"Even after much discussion of this issue, there remain too many African and American businesspeople unable to successfully build the business ties necessary for U.S.-Africa trade to be more broadly meaningful for African economies," he said.

For that reason, he added, only a relatively small number of the nearly 6,500 duty-free items under AGOA are being traded by African and American small and medium-sized businesses, including hundreds of agricultural products that African farmers could be selling to the United States duty-free.

Smith acknowledged "AGOA has definitely produced some positive results due to the diligent support of the Administration and many members of Congress. Nevertheless," he said, "many of the goals they set have not been met, and after five years, it is time to make some course corrections so that AGOA fully lives up to its promise."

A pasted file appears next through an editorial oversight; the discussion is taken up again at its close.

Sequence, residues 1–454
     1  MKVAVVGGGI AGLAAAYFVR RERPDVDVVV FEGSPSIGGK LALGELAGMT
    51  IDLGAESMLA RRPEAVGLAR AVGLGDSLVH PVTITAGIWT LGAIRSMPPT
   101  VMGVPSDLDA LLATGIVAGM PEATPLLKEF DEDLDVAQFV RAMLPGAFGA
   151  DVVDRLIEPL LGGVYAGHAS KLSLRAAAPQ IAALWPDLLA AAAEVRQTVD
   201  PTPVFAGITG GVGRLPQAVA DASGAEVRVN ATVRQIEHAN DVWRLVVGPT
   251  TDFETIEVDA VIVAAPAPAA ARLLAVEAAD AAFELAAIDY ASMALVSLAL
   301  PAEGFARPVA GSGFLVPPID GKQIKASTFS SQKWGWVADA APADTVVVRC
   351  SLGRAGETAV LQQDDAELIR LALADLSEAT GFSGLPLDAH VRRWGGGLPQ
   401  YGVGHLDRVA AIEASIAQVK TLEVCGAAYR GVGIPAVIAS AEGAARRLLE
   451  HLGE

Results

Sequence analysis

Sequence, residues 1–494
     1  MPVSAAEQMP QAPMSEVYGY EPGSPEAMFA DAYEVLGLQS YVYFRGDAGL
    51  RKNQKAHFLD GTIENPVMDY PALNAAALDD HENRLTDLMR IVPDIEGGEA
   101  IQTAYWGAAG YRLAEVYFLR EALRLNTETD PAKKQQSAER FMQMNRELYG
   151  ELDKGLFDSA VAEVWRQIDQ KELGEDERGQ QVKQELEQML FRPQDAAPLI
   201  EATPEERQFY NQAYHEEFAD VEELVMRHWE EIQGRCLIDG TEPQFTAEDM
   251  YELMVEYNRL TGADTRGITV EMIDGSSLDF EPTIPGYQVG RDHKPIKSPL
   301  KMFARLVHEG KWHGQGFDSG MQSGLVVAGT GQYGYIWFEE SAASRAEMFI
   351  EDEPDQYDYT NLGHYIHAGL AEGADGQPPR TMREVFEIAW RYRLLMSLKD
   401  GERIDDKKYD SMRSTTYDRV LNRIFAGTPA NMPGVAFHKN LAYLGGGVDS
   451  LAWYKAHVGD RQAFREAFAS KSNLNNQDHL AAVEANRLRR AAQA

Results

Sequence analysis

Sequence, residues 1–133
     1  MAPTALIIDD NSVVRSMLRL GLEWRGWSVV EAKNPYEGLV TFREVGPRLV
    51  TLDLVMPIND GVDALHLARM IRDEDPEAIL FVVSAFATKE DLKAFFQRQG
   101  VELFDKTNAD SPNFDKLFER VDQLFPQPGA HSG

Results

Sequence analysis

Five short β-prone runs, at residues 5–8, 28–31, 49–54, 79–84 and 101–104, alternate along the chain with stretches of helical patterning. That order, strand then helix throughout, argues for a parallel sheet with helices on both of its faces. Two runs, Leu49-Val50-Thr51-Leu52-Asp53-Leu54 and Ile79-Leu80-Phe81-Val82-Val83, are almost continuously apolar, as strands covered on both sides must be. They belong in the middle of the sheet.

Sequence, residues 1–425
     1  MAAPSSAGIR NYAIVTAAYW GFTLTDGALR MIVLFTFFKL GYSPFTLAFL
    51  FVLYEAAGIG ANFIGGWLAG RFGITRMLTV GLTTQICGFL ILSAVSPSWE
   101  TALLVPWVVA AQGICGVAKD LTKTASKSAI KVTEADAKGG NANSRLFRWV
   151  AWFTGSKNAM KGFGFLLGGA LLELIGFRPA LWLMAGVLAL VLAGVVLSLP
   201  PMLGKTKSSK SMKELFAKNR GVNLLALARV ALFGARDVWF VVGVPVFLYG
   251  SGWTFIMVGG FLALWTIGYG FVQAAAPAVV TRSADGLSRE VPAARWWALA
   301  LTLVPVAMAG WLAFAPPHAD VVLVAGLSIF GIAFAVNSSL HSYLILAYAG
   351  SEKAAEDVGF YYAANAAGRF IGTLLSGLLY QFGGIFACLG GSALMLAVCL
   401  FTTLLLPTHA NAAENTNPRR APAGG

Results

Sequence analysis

Congressman Payne, the subcommittee's ranking Democrat, said AGOA "must be expanded to maximize economic activities among a variety of sectors and to ensure a real and measurable impact on the economy and well-being of sub-Saharan Africa."

Quoting figures from the U.S. Commerce Department, Payne said trade between the United States and sub-Saharan Africa is "highly concentrated" with a small number of African countries accounting for an overwhelming share of both imports and exports.

For that reason, he said, "We need to broaden" the group of countries that benefit from AGOA. "Nigeria, South Africa, Angola and Gabon together claim 81.4 percent of U.S. imports from Africa in 2004," mostly in the energy sector, he added.

"We have heard from various African leaders and they are ready for a new and more inclusive AGOA," he declared.